The department of education needs to work out more details, he said, adding that a final decision on reopening shouldn't be made until late August. The school year in New York City typically starts the first week of September.
"Reopening our schools will be a complex and difficult process, but we are not going to be careless with our students, their families, and our educators," Mugrew said in a statement. The UFT represents nearly 200,000 educators.
Meanwhile, a caucus of members has released a list of safety precautions they want to see in school buildings. Those include temperature checks and mandatory COVID-19 testing for educators before they return to work.
The teachers' union for the nation's second largest school district is recommending that school buildings remain closed when the new school year begins on Aug. 18. The district is still working on a plan.
"It is time to take a stand against Trump's dangerous, anti-science agenda that puts the lives of our members, our students, and our families at risk," said United Teachers Los Angeles President Cecily Myart-Cruz in a statement. "We all want to physically open schools and be back with our students, but lives hang in the balance. Safety has to be the priority. We need to get this right for our communities."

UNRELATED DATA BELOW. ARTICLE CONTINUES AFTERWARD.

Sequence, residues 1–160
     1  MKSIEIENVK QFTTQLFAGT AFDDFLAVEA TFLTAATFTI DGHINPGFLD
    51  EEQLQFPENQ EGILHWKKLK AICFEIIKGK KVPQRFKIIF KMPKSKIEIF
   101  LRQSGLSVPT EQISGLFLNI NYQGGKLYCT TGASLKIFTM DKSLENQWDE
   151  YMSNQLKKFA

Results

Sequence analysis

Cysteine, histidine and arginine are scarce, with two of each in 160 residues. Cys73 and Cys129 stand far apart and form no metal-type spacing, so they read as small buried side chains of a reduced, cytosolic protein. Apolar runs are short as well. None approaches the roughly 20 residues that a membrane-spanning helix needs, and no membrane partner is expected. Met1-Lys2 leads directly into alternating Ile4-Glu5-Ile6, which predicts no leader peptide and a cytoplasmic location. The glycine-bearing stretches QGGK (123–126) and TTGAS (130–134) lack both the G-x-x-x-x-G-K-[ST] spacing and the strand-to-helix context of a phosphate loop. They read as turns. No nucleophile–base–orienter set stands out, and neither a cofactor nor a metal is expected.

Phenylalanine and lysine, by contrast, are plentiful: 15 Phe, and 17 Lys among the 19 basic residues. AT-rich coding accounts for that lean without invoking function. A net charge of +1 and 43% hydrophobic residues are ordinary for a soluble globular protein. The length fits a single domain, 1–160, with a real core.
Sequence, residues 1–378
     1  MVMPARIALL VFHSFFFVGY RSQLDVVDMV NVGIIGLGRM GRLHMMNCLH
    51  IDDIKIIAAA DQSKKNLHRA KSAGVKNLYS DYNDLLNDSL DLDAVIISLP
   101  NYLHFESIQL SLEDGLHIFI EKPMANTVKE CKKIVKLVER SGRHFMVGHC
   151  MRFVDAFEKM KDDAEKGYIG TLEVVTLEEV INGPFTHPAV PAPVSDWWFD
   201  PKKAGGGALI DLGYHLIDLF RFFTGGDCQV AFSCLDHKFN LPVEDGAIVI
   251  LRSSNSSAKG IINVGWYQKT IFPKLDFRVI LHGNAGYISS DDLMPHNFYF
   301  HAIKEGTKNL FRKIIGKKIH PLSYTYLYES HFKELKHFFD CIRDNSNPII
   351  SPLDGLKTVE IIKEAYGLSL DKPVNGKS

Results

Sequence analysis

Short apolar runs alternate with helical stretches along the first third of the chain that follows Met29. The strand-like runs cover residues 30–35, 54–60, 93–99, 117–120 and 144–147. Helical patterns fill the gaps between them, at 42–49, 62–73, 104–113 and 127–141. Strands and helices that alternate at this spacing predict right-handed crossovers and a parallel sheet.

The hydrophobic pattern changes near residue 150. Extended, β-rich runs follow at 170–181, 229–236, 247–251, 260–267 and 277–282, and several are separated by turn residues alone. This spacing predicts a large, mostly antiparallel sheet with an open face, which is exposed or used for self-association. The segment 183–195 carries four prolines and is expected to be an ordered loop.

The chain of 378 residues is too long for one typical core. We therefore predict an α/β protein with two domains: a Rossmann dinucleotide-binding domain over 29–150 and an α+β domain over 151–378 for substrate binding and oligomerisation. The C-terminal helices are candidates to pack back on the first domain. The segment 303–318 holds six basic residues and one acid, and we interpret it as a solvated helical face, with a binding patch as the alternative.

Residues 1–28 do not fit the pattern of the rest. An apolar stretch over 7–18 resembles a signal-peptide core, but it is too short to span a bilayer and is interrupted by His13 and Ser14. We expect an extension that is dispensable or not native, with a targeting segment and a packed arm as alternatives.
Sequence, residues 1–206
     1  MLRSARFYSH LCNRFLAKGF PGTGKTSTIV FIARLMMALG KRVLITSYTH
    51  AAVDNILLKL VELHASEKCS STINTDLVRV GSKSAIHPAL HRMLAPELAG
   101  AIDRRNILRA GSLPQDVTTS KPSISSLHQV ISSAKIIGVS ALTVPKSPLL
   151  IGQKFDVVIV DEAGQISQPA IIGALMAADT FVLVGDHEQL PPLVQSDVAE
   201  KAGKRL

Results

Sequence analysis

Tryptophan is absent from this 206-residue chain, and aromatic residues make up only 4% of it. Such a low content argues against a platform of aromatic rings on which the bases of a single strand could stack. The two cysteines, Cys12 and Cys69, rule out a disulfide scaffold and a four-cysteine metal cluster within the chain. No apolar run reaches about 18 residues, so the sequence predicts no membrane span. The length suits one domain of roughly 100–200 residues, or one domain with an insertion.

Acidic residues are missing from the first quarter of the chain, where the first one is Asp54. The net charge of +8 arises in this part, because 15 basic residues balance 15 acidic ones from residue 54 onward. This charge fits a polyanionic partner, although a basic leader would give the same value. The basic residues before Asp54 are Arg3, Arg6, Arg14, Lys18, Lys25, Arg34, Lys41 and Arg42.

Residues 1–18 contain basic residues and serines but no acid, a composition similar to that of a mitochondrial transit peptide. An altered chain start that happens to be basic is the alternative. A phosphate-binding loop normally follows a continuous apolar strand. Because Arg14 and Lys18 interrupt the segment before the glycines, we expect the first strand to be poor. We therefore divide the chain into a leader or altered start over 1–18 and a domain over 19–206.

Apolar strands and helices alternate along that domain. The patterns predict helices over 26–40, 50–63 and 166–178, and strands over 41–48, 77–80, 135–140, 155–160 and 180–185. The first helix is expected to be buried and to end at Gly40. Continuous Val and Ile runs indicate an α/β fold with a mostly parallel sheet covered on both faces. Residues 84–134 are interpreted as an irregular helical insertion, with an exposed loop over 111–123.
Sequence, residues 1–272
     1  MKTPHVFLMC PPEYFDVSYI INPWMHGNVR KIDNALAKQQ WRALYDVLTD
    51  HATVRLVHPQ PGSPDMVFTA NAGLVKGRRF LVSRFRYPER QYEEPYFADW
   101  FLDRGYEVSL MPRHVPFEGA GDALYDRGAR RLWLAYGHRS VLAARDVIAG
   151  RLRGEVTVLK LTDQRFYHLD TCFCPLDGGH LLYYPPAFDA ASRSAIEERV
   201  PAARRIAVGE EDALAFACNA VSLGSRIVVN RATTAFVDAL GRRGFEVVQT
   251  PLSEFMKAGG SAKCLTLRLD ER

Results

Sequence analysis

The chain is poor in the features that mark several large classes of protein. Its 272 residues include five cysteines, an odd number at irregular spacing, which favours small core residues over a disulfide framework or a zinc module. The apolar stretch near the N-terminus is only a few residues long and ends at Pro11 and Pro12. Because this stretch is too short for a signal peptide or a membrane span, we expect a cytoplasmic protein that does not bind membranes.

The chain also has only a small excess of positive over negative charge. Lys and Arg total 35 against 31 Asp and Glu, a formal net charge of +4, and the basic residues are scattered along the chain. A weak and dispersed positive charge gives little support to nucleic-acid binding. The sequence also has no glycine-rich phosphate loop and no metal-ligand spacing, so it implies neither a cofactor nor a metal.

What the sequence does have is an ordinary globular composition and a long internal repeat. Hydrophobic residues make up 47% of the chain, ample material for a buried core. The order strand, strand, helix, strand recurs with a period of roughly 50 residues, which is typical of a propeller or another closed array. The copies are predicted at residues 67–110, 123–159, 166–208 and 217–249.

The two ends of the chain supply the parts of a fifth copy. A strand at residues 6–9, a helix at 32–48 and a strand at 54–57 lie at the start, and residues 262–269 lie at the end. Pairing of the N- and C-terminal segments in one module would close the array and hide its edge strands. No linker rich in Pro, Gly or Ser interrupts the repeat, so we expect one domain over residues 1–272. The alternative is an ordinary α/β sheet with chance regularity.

The union is polling its members today to get their opinion on returning to the classroom. The results will be released at the end of the day. The UTLA represents 33,000 educators.
Teachers in the third-largest school district say they do not want to go back to work in the fall unless extensive safety precautions are taken, according to survey results from the Chicago Teachers Union.
Nearly 5,000 educators responded to the survey, which was issued in mid-June. More than 85 percent said they felt like they "should not" or "might not" go back to the classroom without a detailed safety plan in place. More than two-thirds said they needed masks, gloves, and other personal protective equipment from the district to feel comfortable going back to work, and that those should be required for everyone who enters a school building.